The Affordable Care Act is a sloppily written and overly complex piece of legislation. Five years after passage, slightly more Americans disapprove of the ACA than approve (47 percent approve; 48 percent don’t), according to Gallup.
Nonetheless, the law has gradually become part of the fabric of life. Earlier this month, the Obama administration announced that it has succeeded in pushing the number of uninsured consumers below 10 percent.
As the Associated Press story in the Journal Star earlier this month asserted, the number of people who signed up for insurance under the law underscores how difficult it will be for Republicans to wipe it off the books.
If Republicans are to succeed in repealing the law, they’re going to have to develop a consensus on what should replace it.
In Nebraska, the percentage of residents without health insurance is about right at the national average at 10 percent, according to this year’s Gallup-Healthways Well-Being Index. That’s down from about 14.5 percent in 2013.
Among the states, Rhode Island has the lowest percentage of uninsured residents at 2.7 percent. Texas has the highest percentage at 20.8 percent. Among nearby states, Iowa is the lowest at 5 percent. South Dakota posted an uninsured rate of 7.2 percent. Kansas was 11.3 percent, and Wyoming was 18.2 percent.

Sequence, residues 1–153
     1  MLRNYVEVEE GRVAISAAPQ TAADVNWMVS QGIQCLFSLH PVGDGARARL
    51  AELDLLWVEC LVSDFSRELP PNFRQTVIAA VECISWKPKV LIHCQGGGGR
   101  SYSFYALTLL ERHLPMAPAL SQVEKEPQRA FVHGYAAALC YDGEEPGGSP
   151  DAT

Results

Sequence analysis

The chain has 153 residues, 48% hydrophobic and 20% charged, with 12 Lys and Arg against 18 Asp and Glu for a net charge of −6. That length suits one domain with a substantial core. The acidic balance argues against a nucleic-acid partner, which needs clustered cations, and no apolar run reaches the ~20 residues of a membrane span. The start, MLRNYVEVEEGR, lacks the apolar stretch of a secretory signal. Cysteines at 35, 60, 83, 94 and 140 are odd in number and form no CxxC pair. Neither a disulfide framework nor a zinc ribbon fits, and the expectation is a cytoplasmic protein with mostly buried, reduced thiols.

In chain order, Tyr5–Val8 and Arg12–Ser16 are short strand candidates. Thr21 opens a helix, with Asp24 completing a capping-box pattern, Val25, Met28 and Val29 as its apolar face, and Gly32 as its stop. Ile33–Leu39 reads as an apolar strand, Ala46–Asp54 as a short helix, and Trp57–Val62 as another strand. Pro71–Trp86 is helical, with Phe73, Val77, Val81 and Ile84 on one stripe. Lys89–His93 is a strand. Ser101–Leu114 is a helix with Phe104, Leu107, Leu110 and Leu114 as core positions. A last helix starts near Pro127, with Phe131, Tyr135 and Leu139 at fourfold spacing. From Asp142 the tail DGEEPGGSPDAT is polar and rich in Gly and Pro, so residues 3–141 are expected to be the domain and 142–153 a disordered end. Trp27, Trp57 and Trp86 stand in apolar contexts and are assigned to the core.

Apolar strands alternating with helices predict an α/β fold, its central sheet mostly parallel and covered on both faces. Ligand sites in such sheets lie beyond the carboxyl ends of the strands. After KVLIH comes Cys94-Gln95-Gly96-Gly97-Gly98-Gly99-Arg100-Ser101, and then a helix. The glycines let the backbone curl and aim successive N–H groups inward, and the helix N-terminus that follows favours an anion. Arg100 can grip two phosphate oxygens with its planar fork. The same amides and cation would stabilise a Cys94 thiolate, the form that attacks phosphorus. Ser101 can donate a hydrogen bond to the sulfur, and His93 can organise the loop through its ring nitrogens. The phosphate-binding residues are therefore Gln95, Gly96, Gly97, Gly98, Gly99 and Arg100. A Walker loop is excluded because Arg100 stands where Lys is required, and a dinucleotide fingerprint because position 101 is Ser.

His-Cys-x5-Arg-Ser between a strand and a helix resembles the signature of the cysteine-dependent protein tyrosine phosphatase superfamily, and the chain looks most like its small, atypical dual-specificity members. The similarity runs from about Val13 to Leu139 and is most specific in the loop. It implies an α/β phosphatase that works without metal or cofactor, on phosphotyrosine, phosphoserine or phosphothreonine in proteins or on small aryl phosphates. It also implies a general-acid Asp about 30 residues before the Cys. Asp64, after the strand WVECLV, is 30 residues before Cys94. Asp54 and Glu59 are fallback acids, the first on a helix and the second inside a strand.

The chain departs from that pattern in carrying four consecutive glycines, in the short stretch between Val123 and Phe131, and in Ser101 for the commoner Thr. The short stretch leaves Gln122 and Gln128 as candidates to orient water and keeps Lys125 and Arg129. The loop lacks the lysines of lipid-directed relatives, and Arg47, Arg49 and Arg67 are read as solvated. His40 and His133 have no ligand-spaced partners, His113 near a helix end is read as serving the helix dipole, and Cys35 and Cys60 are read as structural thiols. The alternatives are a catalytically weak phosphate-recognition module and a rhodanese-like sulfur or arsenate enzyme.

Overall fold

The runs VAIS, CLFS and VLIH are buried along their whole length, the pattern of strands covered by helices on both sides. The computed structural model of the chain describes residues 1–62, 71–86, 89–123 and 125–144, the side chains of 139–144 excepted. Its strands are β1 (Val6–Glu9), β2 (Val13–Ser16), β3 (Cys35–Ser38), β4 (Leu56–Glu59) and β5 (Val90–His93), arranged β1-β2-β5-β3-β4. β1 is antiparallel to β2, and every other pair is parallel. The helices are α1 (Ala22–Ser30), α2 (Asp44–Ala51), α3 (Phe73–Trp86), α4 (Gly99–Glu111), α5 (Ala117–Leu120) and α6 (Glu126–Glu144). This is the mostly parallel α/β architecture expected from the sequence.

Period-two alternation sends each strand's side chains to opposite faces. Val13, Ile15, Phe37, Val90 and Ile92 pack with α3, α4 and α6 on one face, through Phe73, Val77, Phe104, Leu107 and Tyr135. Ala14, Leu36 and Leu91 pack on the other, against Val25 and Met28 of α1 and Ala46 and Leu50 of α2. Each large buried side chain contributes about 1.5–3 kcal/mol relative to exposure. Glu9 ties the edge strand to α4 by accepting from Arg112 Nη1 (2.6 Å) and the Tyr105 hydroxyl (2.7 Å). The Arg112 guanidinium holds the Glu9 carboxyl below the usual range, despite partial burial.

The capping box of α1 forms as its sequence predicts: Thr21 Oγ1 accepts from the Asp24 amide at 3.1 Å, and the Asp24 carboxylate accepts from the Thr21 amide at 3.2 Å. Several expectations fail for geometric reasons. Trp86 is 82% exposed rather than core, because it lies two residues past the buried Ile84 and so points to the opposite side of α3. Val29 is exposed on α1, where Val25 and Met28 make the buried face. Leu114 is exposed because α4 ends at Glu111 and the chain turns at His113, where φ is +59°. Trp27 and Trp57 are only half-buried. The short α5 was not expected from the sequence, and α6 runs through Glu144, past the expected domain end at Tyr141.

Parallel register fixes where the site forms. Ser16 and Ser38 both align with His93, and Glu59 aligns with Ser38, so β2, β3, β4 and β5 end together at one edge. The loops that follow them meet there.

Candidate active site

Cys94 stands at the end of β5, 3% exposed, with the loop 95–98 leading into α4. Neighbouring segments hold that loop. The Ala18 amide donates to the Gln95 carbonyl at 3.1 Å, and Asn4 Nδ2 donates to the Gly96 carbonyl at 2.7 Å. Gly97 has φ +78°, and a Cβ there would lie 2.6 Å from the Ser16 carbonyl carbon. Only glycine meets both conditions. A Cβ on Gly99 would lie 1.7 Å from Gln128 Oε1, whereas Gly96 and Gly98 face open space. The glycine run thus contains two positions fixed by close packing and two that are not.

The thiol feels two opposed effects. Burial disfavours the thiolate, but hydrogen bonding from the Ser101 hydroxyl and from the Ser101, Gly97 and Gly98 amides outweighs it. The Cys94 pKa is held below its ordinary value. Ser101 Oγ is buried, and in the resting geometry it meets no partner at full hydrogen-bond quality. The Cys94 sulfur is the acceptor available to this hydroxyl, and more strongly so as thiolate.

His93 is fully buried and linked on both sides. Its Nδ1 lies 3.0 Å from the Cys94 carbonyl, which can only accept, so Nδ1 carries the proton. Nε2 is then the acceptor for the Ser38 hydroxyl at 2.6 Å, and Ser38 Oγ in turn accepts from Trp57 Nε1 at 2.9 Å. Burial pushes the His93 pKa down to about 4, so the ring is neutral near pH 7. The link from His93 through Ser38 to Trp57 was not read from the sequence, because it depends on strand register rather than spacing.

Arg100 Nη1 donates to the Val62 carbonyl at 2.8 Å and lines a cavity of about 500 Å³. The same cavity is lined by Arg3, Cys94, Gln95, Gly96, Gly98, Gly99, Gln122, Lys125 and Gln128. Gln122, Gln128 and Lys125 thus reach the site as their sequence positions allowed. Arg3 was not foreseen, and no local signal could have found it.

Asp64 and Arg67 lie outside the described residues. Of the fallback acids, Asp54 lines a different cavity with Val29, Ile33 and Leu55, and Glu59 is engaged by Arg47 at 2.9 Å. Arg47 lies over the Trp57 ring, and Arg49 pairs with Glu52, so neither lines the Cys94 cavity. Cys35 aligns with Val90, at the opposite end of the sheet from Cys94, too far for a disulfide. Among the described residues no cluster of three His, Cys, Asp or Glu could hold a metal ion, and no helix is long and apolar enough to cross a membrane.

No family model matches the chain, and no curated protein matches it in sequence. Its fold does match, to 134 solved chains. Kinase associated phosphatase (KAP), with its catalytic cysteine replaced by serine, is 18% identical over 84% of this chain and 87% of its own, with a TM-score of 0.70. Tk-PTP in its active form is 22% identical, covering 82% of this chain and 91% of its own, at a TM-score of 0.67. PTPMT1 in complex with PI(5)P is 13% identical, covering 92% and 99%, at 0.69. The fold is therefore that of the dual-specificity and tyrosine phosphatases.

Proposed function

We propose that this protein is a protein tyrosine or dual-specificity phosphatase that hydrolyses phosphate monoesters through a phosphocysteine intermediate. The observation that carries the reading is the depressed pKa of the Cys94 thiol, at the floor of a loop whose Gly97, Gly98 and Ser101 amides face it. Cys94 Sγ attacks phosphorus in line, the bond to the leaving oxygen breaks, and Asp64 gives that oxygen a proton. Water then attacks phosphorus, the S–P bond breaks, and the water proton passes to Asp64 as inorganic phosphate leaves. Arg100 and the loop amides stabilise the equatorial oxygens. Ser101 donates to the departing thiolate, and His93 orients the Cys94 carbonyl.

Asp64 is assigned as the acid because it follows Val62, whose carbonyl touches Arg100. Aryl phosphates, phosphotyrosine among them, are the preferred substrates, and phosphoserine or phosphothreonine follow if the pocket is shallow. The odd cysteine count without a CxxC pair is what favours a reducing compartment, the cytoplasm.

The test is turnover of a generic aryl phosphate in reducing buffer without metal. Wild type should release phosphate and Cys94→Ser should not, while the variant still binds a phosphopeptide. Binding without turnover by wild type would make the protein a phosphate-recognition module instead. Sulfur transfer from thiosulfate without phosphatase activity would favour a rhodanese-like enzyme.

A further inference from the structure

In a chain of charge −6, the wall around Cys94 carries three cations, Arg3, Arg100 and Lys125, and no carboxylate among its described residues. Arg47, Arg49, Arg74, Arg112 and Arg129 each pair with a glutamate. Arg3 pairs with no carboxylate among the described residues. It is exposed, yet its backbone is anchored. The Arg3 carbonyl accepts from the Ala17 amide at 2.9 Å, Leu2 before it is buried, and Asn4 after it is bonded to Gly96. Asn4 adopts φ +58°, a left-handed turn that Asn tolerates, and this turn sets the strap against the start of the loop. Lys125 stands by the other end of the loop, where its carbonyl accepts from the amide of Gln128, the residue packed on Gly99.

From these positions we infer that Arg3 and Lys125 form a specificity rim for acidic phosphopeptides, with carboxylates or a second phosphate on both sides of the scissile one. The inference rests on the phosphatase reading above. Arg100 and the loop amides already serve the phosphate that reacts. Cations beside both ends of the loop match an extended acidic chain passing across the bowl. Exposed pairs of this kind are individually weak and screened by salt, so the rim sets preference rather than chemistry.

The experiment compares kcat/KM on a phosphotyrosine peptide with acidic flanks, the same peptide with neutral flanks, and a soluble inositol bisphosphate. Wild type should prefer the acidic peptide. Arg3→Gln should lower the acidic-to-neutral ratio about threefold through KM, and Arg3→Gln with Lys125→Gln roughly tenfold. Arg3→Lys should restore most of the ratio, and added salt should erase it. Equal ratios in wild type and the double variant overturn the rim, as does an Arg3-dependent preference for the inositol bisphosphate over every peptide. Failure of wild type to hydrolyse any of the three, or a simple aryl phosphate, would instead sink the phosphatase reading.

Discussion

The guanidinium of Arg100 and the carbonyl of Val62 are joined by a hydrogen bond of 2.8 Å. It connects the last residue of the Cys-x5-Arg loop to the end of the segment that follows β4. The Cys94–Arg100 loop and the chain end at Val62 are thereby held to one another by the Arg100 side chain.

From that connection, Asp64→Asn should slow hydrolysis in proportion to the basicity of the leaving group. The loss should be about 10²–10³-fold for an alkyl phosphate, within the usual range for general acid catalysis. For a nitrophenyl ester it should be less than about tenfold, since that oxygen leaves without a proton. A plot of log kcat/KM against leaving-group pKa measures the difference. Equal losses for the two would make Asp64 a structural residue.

One reason that Nebraska compares favorably with other states is that it has one of the nation’s lowest unemployment rates.
It’s worth pointing out, however, that Nebraska would compare even more favorably if state lawmakers had expanded Medicaid coverage.
Among nearby states, only Iowa has expanded Medicaid, under an alternative plan approved by the Obama administration. It had a 9.7 percent uninsured rate in 2013.
Various Republicans have suggested replacement plans for the Affordable Care Act, including a detailed plan drawn up Sen. Ben Sasse which has received favorable reviews in some quarters.
Republican presidential candidates also have released proposals. Wisconsin Gov. Scott Walker, for example, put out a plan last week that he said would mean private health insurance for 6 million Americans. Florida Sen. Marco Rubio also has released a plan.
But in order for a Republican president to replace the Affordable Care Act, he’s going to have to find a majority in Congress, where Republicans have been able to proceed no further than symbolic votes to repeal the law. Congressional Republicans would also have to confront the analysis by the Congressional Budget Office that simply repealing the law would add to the deficit.
This all suggests that Republicans may never succeed in wiping the law off the books. A more achievable and worthwhile goal would be to begin improving it.
-- Lincoln Journal Star, another Lee Enterprises newspaper